Oncologists, the physicians who study, diagnose, and treat cancerous tumors, believe that the most powerful weapons now available in the War on Cancer are “biologic” drug therapies. Biologics are synthesized not from chemical compounds but from the cells of a living organism, such as a human, animal, plant, bacterium, or virus.
Conventional cancer treatments rely instead on chemical synthesis, the longtime status quo of drug making. One company is pursuing every possible angle, whether it’s time-tested or leading edge: Teva Pharmaceutical Industries (NYSE: TEVA), an Israel-based drug manufacturer.
Founded in 1901, Teva is the largest manufacturer and seller of generic drugs in the world. It also produces patented biologic brands and it’s now aggressively targeting the market for “biosimilars,” which are generic, less expensive versions of biologics.
Teva (Hebrew for “nature”) is already in the vanguard of the biologics market. However, as the drug industry’s competition becomes fiercer, Teva is seeking new growth markets and biosimilars fit the bill.
The booming biosimilars market is expected to reach $15 billion in annual sales by 2020, up from only $380 million in 2010. Teva’s major competitors, notably Amgen (NSDQ: AMGN) and Novartis AG (NYSE: NVS), also are branching out into the biosimilars market. However, while Amgen and Novartis are solid biotech players in their own right, Teva enjoys greater diversification and global reach.
Over the next few years, Teva intends to bring to market several new biosimilars. Together with its existing stable of products, Teva should continue to generate outsized future growth but with downside protection.
The market for cancer vaccines grew from $48 billion a year in 2010 to $75 billion in 2012, with a similar growth trajectory expected for 2013. Biologics represent one of the hottest areas of cancer research today. However, an estimated $60 billion worth of biologics will lose patent protection by 2015, creating a significant market opportunity for biosimilars.
Budding biotechs are notorious for showing great promise and then crashing and burning, either because they couldn’t get their drugs through the regulatory gauntlet or they ran out of cash. However, Teva boasts a market capitalization of $34.2 billion and a track record of relatively rapid government approvals, making it one of the world’s largest and most durable biotech firms.
Teva maintains a direct presence in more than 60 countries. Teva certainly isn’t the only player in the crowded generic drug field, but it’s the biggest and reaps advantages from it sheer size and geographical breadth.
In particular, the company’s extensive direct presence in emerging nations positions it for growth over the long haul, as these markets experience a rise in middle class consumers who demand more and better drugs. The increasing incidence of cancer in developing nations, due to the adoption of Western habits, also ensures persistent demand for oncological treatment.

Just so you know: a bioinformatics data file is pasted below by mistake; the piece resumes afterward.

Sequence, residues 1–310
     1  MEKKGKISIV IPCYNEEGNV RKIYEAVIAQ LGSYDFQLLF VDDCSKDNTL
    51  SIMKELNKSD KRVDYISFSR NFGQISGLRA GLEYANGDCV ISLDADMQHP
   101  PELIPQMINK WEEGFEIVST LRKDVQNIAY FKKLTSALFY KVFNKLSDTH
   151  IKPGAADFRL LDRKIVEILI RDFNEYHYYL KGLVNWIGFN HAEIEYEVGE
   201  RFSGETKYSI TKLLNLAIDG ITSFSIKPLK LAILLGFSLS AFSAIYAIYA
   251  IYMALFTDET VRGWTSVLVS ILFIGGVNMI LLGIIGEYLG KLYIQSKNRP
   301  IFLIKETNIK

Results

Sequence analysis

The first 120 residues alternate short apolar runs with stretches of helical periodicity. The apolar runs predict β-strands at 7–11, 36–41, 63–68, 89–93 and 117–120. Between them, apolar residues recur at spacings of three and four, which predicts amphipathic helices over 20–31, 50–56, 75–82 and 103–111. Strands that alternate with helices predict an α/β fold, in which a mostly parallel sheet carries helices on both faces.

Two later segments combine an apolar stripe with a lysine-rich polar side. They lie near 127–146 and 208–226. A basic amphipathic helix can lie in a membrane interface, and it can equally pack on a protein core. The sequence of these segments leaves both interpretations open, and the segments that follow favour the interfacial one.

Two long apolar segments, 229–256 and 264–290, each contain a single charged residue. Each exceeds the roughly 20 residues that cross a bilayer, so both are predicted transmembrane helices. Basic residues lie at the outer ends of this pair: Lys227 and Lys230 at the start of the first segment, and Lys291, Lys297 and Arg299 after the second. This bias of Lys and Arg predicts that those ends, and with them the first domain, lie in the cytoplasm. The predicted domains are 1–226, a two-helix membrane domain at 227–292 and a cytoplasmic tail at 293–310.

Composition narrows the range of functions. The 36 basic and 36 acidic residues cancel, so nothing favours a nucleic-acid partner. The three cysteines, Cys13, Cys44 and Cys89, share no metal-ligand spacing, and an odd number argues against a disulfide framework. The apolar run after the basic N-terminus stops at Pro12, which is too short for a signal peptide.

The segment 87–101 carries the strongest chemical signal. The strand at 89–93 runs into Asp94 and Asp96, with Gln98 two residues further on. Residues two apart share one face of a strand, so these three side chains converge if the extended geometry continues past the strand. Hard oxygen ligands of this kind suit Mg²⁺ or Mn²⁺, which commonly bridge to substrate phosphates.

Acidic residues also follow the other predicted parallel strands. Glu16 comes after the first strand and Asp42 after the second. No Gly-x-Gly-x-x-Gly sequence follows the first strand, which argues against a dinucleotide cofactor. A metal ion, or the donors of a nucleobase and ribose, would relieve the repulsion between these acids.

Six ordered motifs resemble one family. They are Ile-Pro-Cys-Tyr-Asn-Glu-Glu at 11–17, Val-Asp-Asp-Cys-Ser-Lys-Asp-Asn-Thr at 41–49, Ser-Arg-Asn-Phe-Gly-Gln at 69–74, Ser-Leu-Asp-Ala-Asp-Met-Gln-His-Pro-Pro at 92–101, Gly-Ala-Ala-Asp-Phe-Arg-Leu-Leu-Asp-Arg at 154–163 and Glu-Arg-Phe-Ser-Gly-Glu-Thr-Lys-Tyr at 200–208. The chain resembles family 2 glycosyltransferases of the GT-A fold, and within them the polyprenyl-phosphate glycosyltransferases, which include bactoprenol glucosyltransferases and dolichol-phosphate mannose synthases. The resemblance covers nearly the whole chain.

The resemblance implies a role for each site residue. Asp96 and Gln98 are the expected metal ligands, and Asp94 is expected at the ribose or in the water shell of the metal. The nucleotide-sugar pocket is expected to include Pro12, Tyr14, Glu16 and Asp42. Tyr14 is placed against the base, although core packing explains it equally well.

For years, sales in the generic drug industry have been driven by the US and Europe, but now countries such as China have implemented mandates for universal health coverage, opening up vast new markets for companies such as Teva.
Teva’s existing major products include Copaxone for the treatment of multiple sclerosis; Provigil and Nuvigil for narcolepsy and other sleep disorders; and Azilect for Parkinson’s disease. The company also offers Treanda for the treatment of leukemia and lymphoma.
As you can see from the graph below, Teva’s stock has been under pressure, in large part because of concern about expiration in 2014 of patent protection for its key therapeutics drug Copaxone, which represents 21 percent of the company’s total revenues.
However, this fear is overblown and the stock’s price now represents a rare buying opportunity. Teva’s future prospects should more than compensate for the loss of Copaxone exclusivity.
Teva launched 23 generic products in the US in 2012, and expects a similar number of launches in 2013. In its latest strategic plan, Teva set a biosimilars sales target of $830 million a year by 2015.
Because of looming patent expirations, companies such as Teva are under constant pressure to generate a new pipeline of drugs. A recent study by research firm IMS Health estimates that the expiration of patent protection will result in $79 billion in lost sales for brand-name drugs over the next three years. The pursuit of biosimilars is a logical strategy for survival.
The biosimilars niche is vastly different from Teva’s core business of selling conventional generic drugs, which attracts brutal competition. Generics tend to be close copies of small-molecule drugs and are simpler and less costly to develop and manufacture.
However, with current cash flow of $4.5 billion from all operations, Teva has the deep pockets and research talent necessary for the successful pursuit of biosimilars, a market that poses a higher barrier to entry than the one for generics.
Teva held up well last year, despite the sluggish world economy, which bodes well for the company’s future as conditions improve in most regions. The company reported full-year 2012 revenue of $20.3 billion, up 11 percent from the previous year. Earnings per share (EPS) for the full year came in at $5.35, compared to $4.97 in EPS in 2011.
Teva now sports a 12-month trailing price-to-earnings (P/E) ratio of 17.6, only slightly higher than the average trailing P/E of 15.8 for other major drug makers and certainly lower than the trailing P/E of 101.3 for the entire biotech field.
Teva is a rare combination of huge size and bold innovation. With a current dividend yield of 3.1 percent, this company represents the right balance of risk and reward.
John Persinos is managing director of Personal Finance and its parent website, Investing Daily.